“it is expected that THE YELLOW BOOK will prove the most interesting, unusual, and important publication of its kind that has ever been undertaken.”
The journal’s appearance was based on the popular and often ‘naughty’ French novels of the day, with their simple yellow wrappers; it resembled a hardback book more than a magazine and was instantly recognisable.
The Bodley Head continued to champion challenging and talented writers. In June 1894 Dostoyevsky’s The Poor Folk appeared, with an introduction by George Moore. Unfortunately, the personal and business relationship between Lane and Mathews had deteriorated to such an extent that, in October 1894, the influential partnership was dissolved. The frequently humiliated Mathews was too staid and retiring to continue working with the thrusting, risk-taking Lane. Their parting of the ways was, according to Lane at least, “of a perfectly cordial character”, although Mathews was left feeling bitter and rancorous.
The Bodley Head’s new premises were more like a club than a publisher’s office; the ‘teas’ held at G1 from four to six o’clock were famous in their day. Lane was fond of inviting distinguished and beautiful women to these soirées, so fond indeed that one wit christened him ‘Petticoat Lane’. Among this company might be found poet, novelist and children’s author Edith Nesbit, Olive Custance (later Lady Alfred Douglas) and, wrapped in furs, Lady Randolph Churchill. He also entertained the ‘New Woman’ authors he published such as Mary Chavelita Dunne (who wrote as George Egerton), Ella D’Arcy, Evelyn Sharp, Netta Syrett and Gertrude Dix. In the evenings his gatherings were exclusively masculine and included not only artists and writers, but also connoisseurs of the objets d’art, old china and glass, which Lane collected assiduously.
Each Art Book of the Month is on display for one month in the 1st floor art reading room, where it may be viewed freely (and handled with care). The rest of the time these treasures go back to the art stacks and may be viewed only upon request.
“At the time I was fourteen years of age and the war had just ended, and I was let loose on the world. I must own that every single word my worthy headmaster had to say has turned out to be God’s honest truth. Loose women can indeed get you into a lot of trouble and drink can destroy you both mentally and physically and as for gambling it is a curse that can end you in the poorhouse. However there was one thing my headmaster did not tell me and that is the best place in the world to find these things is Soho – that I found out for myself.” – Frank Norman, 1966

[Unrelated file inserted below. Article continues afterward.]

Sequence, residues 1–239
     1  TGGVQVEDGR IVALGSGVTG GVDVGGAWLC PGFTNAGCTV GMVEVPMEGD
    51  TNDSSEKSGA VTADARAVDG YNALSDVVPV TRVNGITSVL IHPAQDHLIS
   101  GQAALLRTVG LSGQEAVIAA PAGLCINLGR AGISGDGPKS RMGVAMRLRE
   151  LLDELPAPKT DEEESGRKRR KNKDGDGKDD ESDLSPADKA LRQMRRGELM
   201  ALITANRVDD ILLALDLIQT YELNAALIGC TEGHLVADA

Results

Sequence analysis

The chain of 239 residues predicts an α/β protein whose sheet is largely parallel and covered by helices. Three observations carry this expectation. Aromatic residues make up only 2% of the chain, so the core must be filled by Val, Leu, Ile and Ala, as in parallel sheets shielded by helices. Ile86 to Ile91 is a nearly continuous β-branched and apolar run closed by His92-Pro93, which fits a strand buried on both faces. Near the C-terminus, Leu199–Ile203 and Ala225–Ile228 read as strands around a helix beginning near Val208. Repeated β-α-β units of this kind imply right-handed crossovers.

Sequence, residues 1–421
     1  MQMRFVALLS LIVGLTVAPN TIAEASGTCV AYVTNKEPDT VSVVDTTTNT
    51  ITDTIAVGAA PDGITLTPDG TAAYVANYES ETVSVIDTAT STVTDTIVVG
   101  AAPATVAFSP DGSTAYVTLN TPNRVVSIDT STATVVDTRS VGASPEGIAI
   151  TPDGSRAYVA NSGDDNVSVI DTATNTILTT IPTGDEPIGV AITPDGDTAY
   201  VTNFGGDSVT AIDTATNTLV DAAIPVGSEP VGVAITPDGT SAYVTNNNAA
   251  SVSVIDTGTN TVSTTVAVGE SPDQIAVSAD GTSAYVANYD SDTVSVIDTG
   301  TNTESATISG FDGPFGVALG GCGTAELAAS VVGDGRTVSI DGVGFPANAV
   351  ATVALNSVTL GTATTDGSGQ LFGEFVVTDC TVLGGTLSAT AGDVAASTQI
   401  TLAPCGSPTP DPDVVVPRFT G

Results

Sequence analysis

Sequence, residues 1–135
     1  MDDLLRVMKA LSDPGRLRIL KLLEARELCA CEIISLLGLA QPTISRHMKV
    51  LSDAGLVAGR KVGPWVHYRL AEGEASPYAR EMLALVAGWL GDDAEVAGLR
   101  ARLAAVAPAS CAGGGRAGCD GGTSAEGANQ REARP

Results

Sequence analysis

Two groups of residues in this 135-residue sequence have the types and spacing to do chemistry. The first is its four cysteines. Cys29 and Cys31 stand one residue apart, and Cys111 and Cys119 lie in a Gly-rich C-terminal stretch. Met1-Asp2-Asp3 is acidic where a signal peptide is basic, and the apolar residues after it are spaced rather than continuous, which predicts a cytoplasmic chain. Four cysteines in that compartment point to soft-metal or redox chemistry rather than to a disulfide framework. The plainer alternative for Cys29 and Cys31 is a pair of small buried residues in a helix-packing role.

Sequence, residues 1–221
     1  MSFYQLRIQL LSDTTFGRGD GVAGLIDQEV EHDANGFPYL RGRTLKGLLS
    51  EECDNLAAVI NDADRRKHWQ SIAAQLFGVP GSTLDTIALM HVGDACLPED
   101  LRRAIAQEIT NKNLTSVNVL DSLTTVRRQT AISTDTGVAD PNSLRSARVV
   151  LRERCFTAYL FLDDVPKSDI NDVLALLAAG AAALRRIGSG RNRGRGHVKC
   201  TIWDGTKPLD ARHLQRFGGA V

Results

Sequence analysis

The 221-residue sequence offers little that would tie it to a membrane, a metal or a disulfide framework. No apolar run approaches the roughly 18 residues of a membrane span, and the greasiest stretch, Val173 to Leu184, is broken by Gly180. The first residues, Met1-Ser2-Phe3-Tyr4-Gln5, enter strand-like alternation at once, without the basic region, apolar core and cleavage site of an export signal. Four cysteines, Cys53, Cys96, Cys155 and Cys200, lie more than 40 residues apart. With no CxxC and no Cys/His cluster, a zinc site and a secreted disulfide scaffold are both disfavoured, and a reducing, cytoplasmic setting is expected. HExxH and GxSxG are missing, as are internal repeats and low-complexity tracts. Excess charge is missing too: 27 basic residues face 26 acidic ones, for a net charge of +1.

“Life can be only understood backwards, but must be lived forwards.” – Søren Kierkegaard, 1843
A grainy black and white love letter to Soho, colourfully put together by two of its gloriously infamous honorary grand dames, Jeffrey Bernard and Frank Norman. Far from being a chronicle of the cool and trendy, Bernard’s photos and Norman’s unsentimental, charming narrative introduce an array of characters from the seedy to the seductive – shop keepers, market traders, restaurateurs, café owners, models and sex workers – that were once an integral part of street life and of a specific ‘on the bum’ style, the passing of which is much lamented by Norman. We are taken on a journey back to a not-that-distant past that may as well be one million years ago, in these days of semi-permanent road-digging, refurbishment and coffee chains.
“The Welfare State is not I feel the only reason for the sharp decline in bummery. Another reason is the redevelopment schemes, which have caused many of the old haunts to be razed to the ground by destruction firms and built anew by construction firms, where once stood a dingy café now stands a towering sky-scraper, which is air-conditioned and centrally heated..”
Illustrated by a series of seventy-three colour engravings, with descriptions in English and French
William Miller, London 1804
A pictorial history of costume in the Russian Empire as it was at the beginning of the 19th century. An empire
“of an extent unknown to other modern nations…it touches the Frozen Ocean and borders upon the warm climates of Persia, Japan and China on the south.”
Not surprisingly, these costumes range from furs and ‘the skin of their rein-deer’ (Yakouti) complete with hair, to the skins of fish (Ostiaks), and – as in the case of the Tschutski of Siberia – ‘Men and womenpuncture their arms and faces in a regular manner’. Eat your heart out Lady Gaga.
The elegant engravings are accompanied by hilarious descriptions, obviously from a more urbane explorer viewpoint, of the lifestyle of these people, long gone and long forgotten;
“The most part are satisfied with one wife” (Samoyed)
“Their manner of living, with respect to their food, is disgusting to the greatest degree. They use no salt, and all their food is simply boiled”
“Their dances are pantomimical, and are not free from indelicacy” (Kamtshatka).
My favourite descriptions are of the Tungoosi, from the Lake Baikal region:
“ignorant of falsehood, treachery and robbery of any descriptions; they possess a gaiety of temper and openness of heart to the greatest degree; They will, with pleasure, divide their last morsel with their almost unknown guest; They fish and hunt with great skill; embroider in a very neat manner and – last but not least – they are generally supplied with brandy, of which they are very fond.”
A priceless and utterly fascinating insight into primitive ethnicity and cultures that have pretty much disappeared from the face of the earth.